After logging into Facebook, pull down the button / arrow at the top right of the Facebook screen. This will expose your Facebook account and other features. Near the bottom of this list, select Setting.

On the Facebook General account settings page, scroll down and select Application and website in the left menu.

The next page shows the Facebook applications that have been granted account access, through the ways discussed above. These range from interesting applications like Words with Friends to automatic integration like If This Then That (IFTTT) and productivity applications like Hootsuite.

You can easily delete apps completely by checking the box on the right and selecting Eraser as shown above.

If you select one or more applications and click delete, you will see another dialog. Here, note the additional checkbox options that mention the previous activity. Consider whether or not to instruct Facebook to also delete previous posts made by the application. So for example, if you use IFTTT to automatically post to Facebook any item posted on Blogger, you may still want the previous posts to remain.

Some other important notes here. Once deleted, the app or website will no longer have access to your information, but they will still be able to retain previously shared information. If the app or website has your email address, you can definitely unsubscribe online to stop email in the future, but you'll need to contact the app or website developer directly to ask if there's Your information is not.

Facebook makes it easy for users to contact the application developers, by selecting Report / Contact bottom right when you click on the application. Therefore, if you are concerned, you may first want to use this contact tool before deleting the application.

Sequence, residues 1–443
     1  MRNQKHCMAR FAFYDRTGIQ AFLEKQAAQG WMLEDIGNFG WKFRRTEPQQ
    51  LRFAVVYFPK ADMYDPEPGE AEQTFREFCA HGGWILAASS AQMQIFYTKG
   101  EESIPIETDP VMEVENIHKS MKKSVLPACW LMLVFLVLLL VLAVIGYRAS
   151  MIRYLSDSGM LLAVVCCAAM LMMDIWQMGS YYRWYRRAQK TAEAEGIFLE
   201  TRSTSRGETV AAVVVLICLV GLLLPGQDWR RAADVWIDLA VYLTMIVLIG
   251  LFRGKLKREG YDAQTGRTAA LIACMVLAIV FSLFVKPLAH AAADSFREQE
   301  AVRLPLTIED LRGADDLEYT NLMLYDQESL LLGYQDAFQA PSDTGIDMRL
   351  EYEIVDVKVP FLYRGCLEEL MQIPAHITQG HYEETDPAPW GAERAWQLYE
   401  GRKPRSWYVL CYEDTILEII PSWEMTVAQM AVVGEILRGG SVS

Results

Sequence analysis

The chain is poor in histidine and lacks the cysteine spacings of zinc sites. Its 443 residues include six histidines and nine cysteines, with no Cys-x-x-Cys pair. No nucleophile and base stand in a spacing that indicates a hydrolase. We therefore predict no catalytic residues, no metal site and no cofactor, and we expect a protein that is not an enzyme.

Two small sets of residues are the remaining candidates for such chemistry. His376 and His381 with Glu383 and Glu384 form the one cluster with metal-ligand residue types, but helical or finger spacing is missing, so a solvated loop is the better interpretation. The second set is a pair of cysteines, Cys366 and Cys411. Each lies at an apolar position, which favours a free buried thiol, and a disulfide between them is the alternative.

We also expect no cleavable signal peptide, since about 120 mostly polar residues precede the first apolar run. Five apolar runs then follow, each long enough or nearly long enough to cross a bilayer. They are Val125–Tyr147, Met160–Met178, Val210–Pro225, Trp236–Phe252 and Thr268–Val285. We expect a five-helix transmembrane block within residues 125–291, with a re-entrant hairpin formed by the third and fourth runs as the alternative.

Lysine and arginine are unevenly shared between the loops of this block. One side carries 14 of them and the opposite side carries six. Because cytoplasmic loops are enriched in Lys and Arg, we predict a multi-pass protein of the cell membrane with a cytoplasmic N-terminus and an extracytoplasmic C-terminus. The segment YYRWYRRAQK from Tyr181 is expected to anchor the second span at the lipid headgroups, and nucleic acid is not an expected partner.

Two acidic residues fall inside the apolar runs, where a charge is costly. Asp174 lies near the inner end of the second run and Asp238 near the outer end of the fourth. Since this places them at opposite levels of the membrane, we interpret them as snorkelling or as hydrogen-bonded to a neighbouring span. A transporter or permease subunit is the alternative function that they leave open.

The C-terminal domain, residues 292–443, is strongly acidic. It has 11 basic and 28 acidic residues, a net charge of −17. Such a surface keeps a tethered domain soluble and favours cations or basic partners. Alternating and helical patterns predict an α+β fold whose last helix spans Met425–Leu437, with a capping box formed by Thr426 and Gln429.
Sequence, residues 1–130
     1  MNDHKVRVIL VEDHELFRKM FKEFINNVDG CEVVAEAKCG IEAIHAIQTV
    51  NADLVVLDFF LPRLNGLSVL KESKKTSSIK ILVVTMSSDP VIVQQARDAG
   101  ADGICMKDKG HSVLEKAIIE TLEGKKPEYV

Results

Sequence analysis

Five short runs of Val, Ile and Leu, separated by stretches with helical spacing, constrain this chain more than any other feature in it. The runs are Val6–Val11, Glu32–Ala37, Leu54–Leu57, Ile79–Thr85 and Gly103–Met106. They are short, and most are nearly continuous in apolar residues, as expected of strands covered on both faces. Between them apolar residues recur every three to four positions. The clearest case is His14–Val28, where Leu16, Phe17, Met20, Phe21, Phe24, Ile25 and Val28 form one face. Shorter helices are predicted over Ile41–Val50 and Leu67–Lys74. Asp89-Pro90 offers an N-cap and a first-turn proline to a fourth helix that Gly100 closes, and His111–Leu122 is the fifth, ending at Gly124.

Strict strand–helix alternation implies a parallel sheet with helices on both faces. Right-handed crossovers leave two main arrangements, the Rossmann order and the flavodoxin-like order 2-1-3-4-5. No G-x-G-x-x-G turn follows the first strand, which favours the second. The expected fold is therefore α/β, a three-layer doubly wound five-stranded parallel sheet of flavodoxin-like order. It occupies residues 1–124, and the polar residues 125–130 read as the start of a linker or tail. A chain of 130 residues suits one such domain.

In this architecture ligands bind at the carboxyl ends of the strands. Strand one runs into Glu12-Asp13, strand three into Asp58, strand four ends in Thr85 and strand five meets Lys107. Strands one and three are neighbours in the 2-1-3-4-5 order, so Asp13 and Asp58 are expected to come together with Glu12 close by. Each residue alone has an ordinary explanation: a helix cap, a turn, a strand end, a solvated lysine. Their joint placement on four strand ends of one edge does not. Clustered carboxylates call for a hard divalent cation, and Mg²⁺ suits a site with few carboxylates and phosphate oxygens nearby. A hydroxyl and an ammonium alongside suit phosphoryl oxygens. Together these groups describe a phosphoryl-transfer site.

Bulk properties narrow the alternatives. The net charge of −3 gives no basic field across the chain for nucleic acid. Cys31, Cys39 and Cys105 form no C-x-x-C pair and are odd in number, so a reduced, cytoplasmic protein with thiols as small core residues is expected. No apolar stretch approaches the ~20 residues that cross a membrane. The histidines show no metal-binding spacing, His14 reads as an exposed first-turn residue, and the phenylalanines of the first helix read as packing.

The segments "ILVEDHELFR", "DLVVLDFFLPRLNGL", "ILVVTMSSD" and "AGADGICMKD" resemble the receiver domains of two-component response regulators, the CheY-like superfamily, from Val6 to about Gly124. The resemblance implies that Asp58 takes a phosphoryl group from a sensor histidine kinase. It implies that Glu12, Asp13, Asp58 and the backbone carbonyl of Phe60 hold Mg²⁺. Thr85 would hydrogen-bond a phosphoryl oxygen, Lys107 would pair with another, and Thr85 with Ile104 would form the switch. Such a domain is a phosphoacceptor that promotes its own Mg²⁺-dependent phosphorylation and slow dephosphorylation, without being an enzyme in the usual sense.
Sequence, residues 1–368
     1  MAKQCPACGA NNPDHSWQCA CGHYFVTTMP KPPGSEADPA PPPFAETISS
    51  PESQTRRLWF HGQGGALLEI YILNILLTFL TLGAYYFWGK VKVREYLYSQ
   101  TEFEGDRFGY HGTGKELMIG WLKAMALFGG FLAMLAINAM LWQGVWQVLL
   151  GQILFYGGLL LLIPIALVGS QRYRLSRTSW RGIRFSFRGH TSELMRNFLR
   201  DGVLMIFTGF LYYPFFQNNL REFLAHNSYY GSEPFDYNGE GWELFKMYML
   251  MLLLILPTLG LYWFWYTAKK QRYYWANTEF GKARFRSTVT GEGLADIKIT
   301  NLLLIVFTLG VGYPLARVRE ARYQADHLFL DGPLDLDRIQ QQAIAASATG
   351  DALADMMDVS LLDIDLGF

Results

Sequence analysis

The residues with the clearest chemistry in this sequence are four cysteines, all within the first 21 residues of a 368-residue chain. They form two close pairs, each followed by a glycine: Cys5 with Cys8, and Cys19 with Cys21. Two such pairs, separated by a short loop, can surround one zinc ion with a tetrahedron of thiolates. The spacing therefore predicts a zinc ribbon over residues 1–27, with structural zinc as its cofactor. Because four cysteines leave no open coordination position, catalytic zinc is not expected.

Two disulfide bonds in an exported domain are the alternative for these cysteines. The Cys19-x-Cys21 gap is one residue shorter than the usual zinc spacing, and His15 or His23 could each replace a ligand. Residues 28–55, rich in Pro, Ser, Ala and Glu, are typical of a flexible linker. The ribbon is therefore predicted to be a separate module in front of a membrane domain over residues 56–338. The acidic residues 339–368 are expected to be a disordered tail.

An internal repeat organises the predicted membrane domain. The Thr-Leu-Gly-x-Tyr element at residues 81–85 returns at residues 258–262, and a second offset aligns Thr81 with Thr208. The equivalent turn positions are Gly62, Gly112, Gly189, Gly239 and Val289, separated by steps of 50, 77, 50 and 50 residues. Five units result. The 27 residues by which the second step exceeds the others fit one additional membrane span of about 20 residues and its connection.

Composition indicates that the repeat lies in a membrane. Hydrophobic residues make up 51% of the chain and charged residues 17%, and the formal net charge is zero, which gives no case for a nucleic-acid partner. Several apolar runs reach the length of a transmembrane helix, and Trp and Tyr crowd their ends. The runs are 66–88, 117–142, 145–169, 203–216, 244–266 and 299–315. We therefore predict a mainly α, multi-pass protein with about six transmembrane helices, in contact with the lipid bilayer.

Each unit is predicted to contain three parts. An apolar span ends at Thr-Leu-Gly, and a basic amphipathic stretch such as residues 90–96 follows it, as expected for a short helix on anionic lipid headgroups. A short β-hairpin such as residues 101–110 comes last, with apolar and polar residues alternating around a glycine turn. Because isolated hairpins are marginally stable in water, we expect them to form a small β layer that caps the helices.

Edit Facebook app privacy settings

Also note that Facebook allows users to specify the degree to which each connected application is allowed. So even after completely deleting an app, consider accessing and changing the privacy settings for each of the remaining apps. How it is here.

For one of the applications, click View and edit.

First, check The visibility of the application, which means who on Facebook will be able to see that you use this application. For this visibility, you can choose from Public, Friend, Friends except acquaintances, Only me or Custom.

Even more importantly, check out the personal information provided to the application. For many applications, a public profile may be required, but other information such as your Facebook friends list, birthdays, hometowns and email addresses may be unchecked. In addition, most of the time, no application is required to access your pages or manage your business.

So cut access for each application or remove them completely. Once deleted, you will no longer see this app or website in your list of apps connected to Facebook.

Congratulations on bringing some small levels of privacy control into the ongoing privacy wars we all face when using social media. Please let us know any comments or questions. Enjoy!